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Asia-Pacific

Zardari returns as UN launches flood appeal

media Two-year-old Nihar Bibi sits on ground along with livestock after fleeing … Reuters

Pakistani President Asif Ali Zardari returned to his flood-hit country Tuesday, as the UN launched an appeal to 13.8 million people hit by the disaster. It is not yet clear whether Zardari will visit the affected areas.

Zardari has been widely criticised for his absence from the country during devastating floods.

The Pakistani TV station Geo News on Tuesday claimed that its offices in Karachi have been attacked by activists of President Asif Ali Zardari's People's Party. The protesters set fire to copies of the Daily Jang newspaper, which belongs to the same company, and chanted slogans in support of Zardari, The News, which is part of the same media group, reports.

Dossier: AfPak news and analysis

The UN says its appeal for help will concentrate on helping about six million people who need direct assistance to survive, officials say.

It adds that a Pakistani government estimate of 14 million people affected, includes both direct and indirect impact, including those who have lost their homes or are likely to suffer from crop losses.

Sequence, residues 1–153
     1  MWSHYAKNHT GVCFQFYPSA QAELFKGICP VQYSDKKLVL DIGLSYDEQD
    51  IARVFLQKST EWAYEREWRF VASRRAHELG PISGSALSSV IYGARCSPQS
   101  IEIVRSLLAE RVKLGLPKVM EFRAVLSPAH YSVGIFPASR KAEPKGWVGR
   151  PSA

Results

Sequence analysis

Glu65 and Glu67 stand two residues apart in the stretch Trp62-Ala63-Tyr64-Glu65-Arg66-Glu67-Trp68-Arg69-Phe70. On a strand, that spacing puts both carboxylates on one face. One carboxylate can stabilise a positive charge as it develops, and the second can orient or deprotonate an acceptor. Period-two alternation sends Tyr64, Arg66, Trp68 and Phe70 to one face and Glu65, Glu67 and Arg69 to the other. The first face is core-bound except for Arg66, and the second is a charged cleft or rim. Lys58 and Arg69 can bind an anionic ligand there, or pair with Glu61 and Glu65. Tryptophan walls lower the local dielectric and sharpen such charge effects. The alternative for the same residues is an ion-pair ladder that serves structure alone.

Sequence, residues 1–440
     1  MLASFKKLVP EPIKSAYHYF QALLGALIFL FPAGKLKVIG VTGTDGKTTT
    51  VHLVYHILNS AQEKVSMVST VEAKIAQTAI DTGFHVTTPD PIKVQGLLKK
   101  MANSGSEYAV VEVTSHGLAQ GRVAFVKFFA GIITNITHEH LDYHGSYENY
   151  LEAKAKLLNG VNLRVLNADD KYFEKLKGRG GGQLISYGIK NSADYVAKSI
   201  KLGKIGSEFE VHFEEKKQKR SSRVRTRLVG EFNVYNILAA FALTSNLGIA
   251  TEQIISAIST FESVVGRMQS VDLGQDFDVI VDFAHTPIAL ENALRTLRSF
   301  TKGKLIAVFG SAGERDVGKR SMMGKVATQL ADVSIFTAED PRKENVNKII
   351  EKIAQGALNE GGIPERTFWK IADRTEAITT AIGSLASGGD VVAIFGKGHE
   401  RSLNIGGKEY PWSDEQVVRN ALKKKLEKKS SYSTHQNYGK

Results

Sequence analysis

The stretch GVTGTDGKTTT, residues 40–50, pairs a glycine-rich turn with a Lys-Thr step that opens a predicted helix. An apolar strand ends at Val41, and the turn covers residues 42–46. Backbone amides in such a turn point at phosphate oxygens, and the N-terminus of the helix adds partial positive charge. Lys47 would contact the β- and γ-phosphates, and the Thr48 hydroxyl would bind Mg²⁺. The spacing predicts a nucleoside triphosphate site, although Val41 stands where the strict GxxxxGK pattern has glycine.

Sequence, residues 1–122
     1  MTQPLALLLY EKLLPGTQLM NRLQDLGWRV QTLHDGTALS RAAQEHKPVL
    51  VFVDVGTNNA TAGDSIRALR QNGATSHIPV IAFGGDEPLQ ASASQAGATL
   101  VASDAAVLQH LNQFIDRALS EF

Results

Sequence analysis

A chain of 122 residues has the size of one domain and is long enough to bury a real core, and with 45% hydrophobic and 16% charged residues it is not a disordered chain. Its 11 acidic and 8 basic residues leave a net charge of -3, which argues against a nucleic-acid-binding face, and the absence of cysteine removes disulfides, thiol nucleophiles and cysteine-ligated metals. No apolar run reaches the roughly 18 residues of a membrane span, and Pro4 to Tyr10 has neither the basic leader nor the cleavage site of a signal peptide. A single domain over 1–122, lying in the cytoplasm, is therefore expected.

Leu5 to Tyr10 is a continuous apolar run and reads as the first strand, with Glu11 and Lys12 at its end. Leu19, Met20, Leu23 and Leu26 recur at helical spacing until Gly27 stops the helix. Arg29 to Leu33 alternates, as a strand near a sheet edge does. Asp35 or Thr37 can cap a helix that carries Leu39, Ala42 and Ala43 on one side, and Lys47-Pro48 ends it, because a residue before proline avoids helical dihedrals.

"We will soon issue an ... appeal for several hundred million dollars to respond to immediate needs," UN chief Ban Ki-moon announced, stressing that medium- and long-term assistance "will be a major and protracted task".

Donors have already provided 38.2 million dollars (29.1 million euros) and pledged 90.9 million dollars (69.2 million euros).

The UN’s Office for the Coordination of Humanitarian Affairs says the disaster has now surpassed the 2004 Indian Ocean tsunami, the 2005 Pakistani earthquake and Haiti’s earthquake earlier this year put together. The tsunami death toll hit 220,000, however, while the UN’s estimate of deaths from the floods is 1,600 so far.

Other news from the floods includes:

  • Parts of the Swat valley, Punjab and Sindh were still cut off Tuesday;
  • Residents of towns and cities in the south were warned to stay on alert, although water levels were beginning to drop at the Guddu barrage;
  • Forecasters forecast only scattered rain in the south for the next two days;
  • Weather cleared Tuesday, allowing Pakistani, US and Afghan helicopters to distribute relief and rescue people in the north-west;
  • Food prices are rising and are set to soar after destruction of crops, especially in the fertile Punjab and Sindh provinces;
  • Growth forecasts are to be revised downwards, especially because of the effect on agriculture which accounts for more than 21 per cent of GDP and employs 45 per cent of the workforce.
     
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